And if you want the real pioneers of prog, go look up The Nice.

So, that's all I have to say. Cheerio!

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Moody Blues, far and away above Procol... concept albums were great - being a late teenager in the late '60's / early '70's I spent many evenings listening to each and every one of the MB's albums. Then would switched track and listen to Pink Floyd's Careful with the Axe Eugene and Several Species of Small Furries Animals Gathered in a Cave and Groovin' to a Pic. "Now you know how nice it feels"

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The Nice.

:bow:

And in fact, when you think about it, the Moody Blues weren't really all that progressive for their time. Really, the the only special things about Days Of Future Passed (apart from some amazing songs, don't get me wrong) were the fact that it was played with an orchestra and the keyboards on "Forever Afternoon (Tuesday?)" (aka Tuesday Afternoon). The orchestra arrangements weren't even all that well done. The use of the mellotrons (have I got that right?) was, I suppose, progressive, but the music itself was fairly run-of-the-mill for the time.

However, I don't think one really can point to a single band or even a few as the pioneers of prog rock.

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The Moody Blues and Procol Harum don't play in the same league. Much of the Moodies' music is to me muzak, while most of Procol Harums albums are timeless masterpieces. Listen to these songs for example:

Repent Valpurgis from Procol Harum

The Wee Small Hours of Sixpence from Shine On Brightly

Still There'll Be More from Home

Power Failure from Broken Barricades

Pandora's Box from Procol's Ninth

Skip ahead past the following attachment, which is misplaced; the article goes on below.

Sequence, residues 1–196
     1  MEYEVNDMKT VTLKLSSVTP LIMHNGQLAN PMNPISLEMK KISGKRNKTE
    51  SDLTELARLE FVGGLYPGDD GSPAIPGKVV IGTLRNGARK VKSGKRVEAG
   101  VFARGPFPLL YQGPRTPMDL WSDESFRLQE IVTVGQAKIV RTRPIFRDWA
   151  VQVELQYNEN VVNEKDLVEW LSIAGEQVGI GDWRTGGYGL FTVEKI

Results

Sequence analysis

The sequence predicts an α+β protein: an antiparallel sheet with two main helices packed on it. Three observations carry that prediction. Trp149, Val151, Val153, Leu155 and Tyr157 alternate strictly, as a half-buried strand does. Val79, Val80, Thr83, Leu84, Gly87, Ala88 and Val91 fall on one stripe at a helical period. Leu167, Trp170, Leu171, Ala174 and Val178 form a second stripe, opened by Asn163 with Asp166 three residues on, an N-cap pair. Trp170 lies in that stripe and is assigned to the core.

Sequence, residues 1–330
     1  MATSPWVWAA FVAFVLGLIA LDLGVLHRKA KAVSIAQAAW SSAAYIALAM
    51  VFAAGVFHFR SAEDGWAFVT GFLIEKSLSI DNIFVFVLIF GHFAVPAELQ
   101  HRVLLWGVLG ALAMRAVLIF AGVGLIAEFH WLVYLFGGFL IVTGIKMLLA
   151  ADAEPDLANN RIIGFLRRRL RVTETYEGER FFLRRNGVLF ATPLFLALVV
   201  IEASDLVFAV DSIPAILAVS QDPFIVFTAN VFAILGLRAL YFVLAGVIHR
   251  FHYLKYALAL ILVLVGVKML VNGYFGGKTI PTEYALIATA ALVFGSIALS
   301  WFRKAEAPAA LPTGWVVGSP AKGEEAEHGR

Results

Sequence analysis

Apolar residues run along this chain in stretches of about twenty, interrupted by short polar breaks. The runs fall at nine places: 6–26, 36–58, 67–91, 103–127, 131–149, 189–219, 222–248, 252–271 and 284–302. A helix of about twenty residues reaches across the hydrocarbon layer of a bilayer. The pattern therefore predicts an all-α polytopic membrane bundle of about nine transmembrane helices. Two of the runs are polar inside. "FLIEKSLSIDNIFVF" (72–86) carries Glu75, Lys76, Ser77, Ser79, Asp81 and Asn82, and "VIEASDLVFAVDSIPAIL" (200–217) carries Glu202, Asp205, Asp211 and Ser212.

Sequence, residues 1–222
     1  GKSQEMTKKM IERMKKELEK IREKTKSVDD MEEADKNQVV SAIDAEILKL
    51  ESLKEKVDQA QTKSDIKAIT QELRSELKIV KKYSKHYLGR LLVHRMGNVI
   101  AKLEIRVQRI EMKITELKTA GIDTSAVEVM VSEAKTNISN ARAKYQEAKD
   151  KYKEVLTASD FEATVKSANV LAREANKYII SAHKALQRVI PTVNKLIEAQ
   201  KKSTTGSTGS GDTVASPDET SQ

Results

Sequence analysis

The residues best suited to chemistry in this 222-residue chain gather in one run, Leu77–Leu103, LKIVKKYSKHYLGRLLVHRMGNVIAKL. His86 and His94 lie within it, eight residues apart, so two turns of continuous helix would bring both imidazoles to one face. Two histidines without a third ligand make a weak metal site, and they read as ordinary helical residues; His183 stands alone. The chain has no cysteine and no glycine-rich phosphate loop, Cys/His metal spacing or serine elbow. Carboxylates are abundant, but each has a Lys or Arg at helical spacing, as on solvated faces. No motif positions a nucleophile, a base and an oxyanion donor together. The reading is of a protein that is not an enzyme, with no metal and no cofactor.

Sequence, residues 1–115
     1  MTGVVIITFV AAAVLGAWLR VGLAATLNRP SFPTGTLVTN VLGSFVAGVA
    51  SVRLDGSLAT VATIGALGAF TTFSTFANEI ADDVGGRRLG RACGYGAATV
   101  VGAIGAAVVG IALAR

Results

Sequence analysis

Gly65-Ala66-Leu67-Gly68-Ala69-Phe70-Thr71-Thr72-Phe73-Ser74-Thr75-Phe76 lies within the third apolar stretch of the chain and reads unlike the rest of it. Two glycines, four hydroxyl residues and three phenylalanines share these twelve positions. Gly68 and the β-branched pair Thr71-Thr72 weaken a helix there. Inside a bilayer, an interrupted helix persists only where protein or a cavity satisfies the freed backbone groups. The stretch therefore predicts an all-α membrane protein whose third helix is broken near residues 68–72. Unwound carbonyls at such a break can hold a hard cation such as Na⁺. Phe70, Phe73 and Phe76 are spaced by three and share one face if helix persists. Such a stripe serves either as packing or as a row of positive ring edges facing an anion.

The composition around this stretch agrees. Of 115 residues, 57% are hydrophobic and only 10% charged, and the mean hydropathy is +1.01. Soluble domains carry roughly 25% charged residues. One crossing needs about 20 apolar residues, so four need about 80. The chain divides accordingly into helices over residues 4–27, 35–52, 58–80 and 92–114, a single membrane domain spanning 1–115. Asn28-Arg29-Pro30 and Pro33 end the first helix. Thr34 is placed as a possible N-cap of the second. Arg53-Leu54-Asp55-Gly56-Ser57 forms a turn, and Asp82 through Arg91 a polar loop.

Beyond the Pale from Exotic Birds and Fruit

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I agree with you Dappled. I like The Moody Blues a lot but I would never try to compare these two groups. Their just not even close. I listened to TMB alot and still like them in a pop fashion kind of way. They were played a lot on AM radio and the music was good.

On the other hand Procol Harum was rarely heard on AM stations. I couldn't imagine an AM station playing "Nothing That I Didn't Know" on the air waves. We usually listened from an album or on FM. Where I'm at FM reception is real ify.

I could never compare these two groups. I like both for differnt reasons.

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Procul Harum is a Legendary Band that no one knows about. The Moody Blues is a legendary band that everybody knows about. That's basically it. People above are right not to want to compare these groups, but The Moodies have a more storied past with their lineup changes and subsequent writing style switches, and a bigger fan base, but probably, Harum gets the same amount of respect as they should.

when you're in the shower or in your bedroom listening to the radio as a kid and were pretending to be singing songs from one of those bands, which songs did you like to pretend to sing more?

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I don't really listen to Moody Bluez, but Procol Harum is one of my favorite bands. I wish I knew the names of more of their songs, I had their greatest hits tape in my car for the longest time.

My favorite song is probably the one that goes "An Ode by any other name" anybody know what that one is?

I also really like the one that starts off with "your multilingual business friend" idk what that one is either..

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The Moody Blues and Procol Harum don't play in the same league. Much of the Moodies' music is to me muzak, while most of Procol Harums albums are timeless masterpieces. Listen to these songs for example:

Repent Valpurgis from Procol Harum

The Wee Small Hours of Sixpence from Shine On Brightly

Still There'll Be More from Home

Power Failure from Broken Barricades

Pandora's Box from Procol's Ninth

Beyond the Pale from Exotic Birds and Fruit

I quite agree with you dappled, great choices you made here, thanks for posting them!

I won't turn off the Moody Blues, but if I didn't ever hear one of their songs again, I would be just fine. As for Procol, well that is the music of my youth and what a great sound! :cool:

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Haha, I just got done listening to Repent Walpurgis! I love how they throw in a Bach Prelude out of nowhere. I just listened to the whole album, man, it's great. I really think anybody who wants to diss the P.H. should listen to Grand Hotel first. :rockon: